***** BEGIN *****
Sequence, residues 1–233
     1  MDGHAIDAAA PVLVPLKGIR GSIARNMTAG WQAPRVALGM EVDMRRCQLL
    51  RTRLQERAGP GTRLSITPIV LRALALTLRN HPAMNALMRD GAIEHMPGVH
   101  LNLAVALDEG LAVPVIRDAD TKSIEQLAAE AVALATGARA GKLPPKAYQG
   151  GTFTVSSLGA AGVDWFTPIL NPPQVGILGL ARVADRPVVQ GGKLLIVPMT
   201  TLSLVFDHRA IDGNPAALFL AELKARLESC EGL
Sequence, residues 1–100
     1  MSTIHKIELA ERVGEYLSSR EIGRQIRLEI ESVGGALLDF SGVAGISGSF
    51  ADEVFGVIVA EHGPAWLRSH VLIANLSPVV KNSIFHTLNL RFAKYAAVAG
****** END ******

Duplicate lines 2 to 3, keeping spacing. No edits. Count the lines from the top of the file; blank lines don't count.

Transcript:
     1  MDGHAIDAAA PVLVPLKGIR GSIARNMTAG WQAPRVALGM EVDMRRCQLL
    51  RTRLQERAGP GTRLSITPIV LRALALTLRN HPAMNALMRD GAIEHMPGVH